Imagine if there were only four or five hundred people left on the planet. And that of those hundreds, tens were dying off daily due to pollution or other challenges presented by another species. How would the world be?
If human beings were the River Indus dolphins, then that is how life would be. The 80-90kg, 1.5 to 2.5-meter dolphin, a native of the Indus River in Pakistan, is one of the worldâ€™s most rare cetaceans according to the International Union for Conservation of Nature (IUCN). As such, more world bodies are trying to come up with ways to ensure the survival of the blind dolphinâ€™s species, among them the World Wildlife Fund and United Nations Educational, Scientific and Cultural Organization (UNESCO).
A Resource that should be preserved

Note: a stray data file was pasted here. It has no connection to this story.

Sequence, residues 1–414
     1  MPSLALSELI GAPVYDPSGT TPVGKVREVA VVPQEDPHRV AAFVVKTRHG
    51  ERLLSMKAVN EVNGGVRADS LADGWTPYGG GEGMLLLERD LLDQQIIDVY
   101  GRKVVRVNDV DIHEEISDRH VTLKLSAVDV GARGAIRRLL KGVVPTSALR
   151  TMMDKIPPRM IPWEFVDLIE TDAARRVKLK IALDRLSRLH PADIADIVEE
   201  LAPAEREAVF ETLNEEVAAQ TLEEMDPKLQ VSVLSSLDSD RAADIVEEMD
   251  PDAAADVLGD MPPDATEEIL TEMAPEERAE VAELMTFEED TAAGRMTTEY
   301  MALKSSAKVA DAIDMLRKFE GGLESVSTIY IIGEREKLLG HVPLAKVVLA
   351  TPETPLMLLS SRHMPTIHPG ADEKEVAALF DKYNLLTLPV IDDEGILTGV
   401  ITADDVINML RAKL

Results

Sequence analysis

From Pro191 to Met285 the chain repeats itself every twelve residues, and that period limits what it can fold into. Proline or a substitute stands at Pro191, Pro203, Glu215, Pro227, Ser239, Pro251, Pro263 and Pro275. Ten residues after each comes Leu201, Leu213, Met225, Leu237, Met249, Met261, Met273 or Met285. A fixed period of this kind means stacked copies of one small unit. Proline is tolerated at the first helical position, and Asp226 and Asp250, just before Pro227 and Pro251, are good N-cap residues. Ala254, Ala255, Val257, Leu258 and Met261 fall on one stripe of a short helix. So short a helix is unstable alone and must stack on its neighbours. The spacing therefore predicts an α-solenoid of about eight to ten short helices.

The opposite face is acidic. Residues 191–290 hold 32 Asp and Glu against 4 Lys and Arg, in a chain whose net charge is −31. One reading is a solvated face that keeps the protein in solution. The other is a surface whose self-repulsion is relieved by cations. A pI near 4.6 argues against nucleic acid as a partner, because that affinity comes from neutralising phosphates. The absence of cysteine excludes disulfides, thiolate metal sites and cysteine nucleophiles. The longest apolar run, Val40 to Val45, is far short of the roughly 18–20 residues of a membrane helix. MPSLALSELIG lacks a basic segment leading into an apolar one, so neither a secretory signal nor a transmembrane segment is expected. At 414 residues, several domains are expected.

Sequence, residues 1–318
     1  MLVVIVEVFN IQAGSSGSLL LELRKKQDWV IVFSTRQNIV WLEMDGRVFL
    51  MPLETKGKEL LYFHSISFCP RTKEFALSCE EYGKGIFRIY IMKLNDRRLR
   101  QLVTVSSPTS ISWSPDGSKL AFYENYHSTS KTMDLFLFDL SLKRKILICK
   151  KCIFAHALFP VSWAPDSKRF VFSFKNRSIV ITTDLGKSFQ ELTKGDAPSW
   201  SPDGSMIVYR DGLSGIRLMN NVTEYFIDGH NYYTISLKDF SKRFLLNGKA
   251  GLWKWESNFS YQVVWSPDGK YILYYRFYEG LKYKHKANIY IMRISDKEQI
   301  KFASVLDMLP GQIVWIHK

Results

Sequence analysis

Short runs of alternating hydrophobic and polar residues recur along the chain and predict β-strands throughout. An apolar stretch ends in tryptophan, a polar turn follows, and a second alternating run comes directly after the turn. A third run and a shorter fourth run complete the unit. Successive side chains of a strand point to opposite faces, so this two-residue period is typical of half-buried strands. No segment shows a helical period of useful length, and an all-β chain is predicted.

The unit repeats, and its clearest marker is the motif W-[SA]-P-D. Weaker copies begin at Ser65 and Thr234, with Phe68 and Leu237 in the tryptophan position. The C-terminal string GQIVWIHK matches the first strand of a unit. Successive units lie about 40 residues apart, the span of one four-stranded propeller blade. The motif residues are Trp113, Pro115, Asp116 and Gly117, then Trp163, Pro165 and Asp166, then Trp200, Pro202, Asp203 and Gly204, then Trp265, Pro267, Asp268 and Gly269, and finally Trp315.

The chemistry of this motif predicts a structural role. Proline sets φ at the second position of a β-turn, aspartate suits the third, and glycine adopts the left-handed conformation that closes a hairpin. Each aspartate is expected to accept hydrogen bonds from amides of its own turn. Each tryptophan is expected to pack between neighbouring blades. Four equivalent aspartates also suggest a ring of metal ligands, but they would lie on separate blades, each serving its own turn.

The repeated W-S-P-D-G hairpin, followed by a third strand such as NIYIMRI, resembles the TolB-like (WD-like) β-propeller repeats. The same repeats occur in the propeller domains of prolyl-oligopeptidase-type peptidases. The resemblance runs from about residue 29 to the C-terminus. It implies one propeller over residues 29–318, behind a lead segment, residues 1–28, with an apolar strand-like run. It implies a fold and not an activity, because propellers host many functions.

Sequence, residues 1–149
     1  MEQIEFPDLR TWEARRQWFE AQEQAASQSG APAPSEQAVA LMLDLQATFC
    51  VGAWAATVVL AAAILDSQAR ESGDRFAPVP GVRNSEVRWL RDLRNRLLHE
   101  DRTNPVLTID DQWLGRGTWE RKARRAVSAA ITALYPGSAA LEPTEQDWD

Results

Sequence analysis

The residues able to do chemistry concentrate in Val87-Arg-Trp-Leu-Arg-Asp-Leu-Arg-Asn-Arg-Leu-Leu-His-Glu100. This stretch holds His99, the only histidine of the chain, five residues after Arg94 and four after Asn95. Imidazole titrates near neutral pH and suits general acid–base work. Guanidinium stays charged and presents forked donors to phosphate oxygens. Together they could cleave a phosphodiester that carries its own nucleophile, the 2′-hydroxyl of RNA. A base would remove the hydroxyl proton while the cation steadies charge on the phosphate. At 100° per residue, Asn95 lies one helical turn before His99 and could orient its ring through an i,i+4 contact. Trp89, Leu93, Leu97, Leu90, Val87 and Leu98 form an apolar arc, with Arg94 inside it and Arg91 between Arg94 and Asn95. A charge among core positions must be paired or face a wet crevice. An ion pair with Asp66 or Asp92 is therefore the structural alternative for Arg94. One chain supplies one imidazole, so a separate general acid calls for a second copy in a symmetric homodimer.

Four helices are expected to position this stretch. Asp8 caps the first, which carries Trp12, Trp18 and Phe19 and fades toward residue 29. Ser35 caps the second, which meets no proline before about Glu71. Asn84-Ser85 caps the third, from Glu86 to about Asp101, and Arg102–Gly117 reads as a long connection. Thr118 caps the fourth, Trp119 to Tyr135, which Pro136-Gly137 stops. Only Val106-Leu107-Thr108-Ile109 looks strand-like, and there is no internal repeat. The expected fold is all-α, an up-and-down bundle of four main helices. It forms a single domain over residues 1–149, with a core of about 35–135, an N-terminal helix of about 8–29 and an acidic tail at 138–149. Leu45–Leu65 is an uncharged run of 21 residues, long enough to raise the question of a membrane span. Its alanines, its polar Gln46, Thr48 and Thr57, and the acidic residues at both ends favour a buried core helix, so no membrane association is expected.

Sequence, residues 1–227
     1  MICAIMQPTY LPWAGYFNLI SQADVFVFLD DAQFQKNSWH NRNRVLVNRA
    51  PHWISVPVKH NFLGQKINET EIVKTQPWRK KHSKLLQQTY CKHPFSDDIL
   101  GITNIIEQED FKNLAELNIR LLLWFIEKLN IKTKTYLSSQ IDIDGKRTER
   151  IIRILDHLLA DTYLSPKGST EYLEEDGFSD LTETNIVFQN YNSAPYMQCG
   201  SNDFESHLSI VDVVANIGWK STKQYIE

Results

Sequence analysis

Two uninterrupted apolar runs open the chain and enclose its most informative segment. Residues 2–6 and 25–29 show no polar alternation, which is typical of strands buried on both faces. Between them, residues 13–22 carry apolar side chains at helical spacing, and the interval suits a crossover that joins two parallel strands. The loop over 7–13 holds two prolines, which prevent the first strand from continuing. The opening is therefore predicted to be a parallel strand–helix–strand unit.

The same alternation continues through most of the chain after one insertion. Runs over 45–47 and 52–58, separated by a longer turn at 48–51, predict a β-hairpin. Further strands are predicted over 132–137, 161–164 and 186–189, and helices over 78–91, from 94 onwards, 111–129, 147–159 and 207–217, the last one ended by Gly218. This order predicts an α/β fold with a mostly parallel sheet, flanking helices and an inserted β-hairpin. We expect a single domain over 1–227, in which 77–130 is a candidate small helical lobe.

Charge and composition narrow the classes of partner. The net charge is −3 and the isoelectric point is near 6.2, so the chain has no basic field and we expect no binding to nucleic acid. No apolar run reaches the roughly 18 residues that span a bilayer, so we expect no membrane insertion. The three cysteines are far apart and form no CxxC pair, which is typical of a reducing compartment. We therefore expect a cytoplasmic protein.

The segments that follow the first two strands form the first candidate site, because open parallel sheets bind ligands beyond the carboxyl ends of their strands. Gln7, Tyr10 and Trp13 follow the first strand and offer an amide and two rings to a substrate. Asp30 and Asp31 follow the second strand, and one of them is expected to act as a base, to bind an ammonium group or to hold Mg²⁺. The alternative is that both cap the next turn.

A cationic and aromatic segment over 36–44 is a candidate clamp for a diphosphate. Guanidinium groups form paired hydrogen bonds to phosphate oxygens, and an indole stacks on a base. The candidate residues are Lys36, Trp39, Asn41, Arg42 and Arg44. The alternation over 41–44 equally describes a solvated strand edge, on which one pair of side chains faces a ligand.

The Indus River dolphin is not as celebrated as its cousins on the marine side. On the contrary, the freshwater cetacean is endangered because of peopleâ€™s neglect toward it. Careless disregard of the dolphins by fishermen has caused the decline in their numbers, seemingly because the species is not regarded as a resource. However, scientists from the Pakistani Information Technology University (ITU) in Lahore disagree with this assessment.
In one interview, head of BiSMil Lab (a collaborative effort between ITU and the World Wildlife Fund aimed at preserving the endangered dolphins) Director Suleman Mazhar said that studies on the dolphinâ€™s biological solar systems could have significant applications.
â€œThey could be used in environmental conservation effortsâ€¦ maybe even aid in developing navigation devices for blind people,â€ Director Mazhar remarked.
Parties that are trying to conserve the rare freshwater dolphin include the World Wildlife Fund which is funding the research to make promote widespread Indus River dolphin conservation at ITU, UNESCO which gives grants for conservation efforts and the Pakistan Museum of Natural History (PMNH) which leads preservation of the Indus River dolphinâ€™s habitat in the country.